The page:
Waheed Ahmed, Patron-in-Chief, All Pakistan Fruit and Vegetables Exporters, Importers and Merchants’ Association (PVFA) and Vice President, Federation of Pakistan Chambers of Commerce and Industry (FPCCI) points out that mango crop has been suffering for the last four years and the reasons are almost the same. He says there seems to be no respite in near future because water crisis is going to worsen with time as the outgoing government did not do much to build reservoirs. He is also seeing the target of 1.8 million tonnes of mango crop being missed by a big margin.
Ahmed agrees growers cannot do much to reverse the negative effect of weather but adds research can be carried out to introduce weather-resistant varieties and revolutionise agriculture. He cites the example of some countries where there are plans to introduce indoor agriculture in order to minimise the effects of global warming. Crops grown in controlled conditions are less vulnerable to these factors. Ahmed shares that during the last year the wholesale mango price skyrocketed to an all-time high of Rs8000 per 40 kg or Rs200 per kg at one time. "The reasons simply were the shortfall in crop yield as well as fall in quality."
Another suggestion coming from his side is that Pakistani growers must plant small trees with height between 7 feet to 9 feet which give more output than the old trees that have grown to the height of 40 feet to 50 feet. This is important because trees become less productive and more vulnerable to disease. What happens in advanced countries is that growers plant small trees next to the big ones and get fruit from it once they mature. The older ones are removed from there.
While the unfavourable conditions have hit mango production, these have also resulted in smaller size and deformed shape of mangos, especially the varieties mean for export. This factor is likely to hit exports because there is no compromise on quality on part of the importers. Last year, the country missed the export target of 100,000 tonnes and could export only 81,000 tonnes.
Just like prolonged winters, higher than required temperatures also have a negative effect on crop yields. In context of mangos, excessive exposure to heat results in appearance of spots on their skin and they may suffer from a disorder called spongy tissue. What happens is that mango dries out from inside. It looks perfectly ripe from outside but is damaged from insides.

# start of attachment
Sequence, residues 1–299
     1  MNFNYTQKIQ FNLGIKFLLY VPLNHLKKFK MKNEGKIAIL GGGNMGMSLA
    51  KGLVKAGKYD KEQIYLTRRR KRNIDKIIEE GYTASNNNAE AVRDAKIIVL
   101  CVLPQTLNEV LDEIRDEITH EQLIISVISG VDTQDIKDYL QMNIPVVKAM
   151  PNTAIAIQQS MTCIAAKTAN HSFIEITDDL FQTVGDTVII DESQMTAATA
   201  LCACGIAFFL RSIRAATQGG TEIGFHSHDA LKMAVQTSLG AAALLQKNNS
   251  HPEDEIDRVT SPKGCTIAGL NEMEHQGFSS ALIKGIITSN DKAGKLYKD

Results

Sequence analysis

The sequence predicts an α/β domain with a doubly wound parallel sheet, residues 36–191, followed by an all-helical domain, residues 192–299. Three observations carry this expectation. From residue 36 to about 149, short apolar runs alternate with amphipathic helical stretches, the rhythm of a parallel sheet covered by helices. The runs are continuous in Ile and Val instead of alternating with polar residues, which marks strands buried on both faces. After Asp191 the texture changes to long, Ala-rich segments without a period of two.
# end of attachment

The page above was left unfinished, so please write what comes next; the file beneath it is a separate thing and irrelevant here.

Ishtiaq Rajwana, Provost, Nawaz Sharif Agricultural University, Multan, explains flowering on mango tree starts when the temperature is around 25 C and the fruit flourishes with gradual increase in temperature. If during this time the temperature falls below this figure the flower is destroyed and so the fruit. This happened this year multiple times.
Rajwana is not sure about the shortfall figure and puts it between 20 per cent and 30 per cent. His point is that the exact figure will be worked out during the statistical survey conducted this year. He is also of the opinion that there is no quick fix available to avoid losses caused by global warming but suggests agricultural research can help growers go for adaptation. He suggests studies into climatic physiology of different mango varieties and planting of these according to their suitability to certain conditions.
Rajwana recommends judicious use of water and its conservation through techniques like drip irrigation. An initiative, he says, was launched by the government in which drip irrigation systems were provided to growers at highly subsidised rates but there was no post-sales service, replacement mechanism or quality control by the companies. The desired results could not be achieved though there was enough potential to save water this way, he concludes.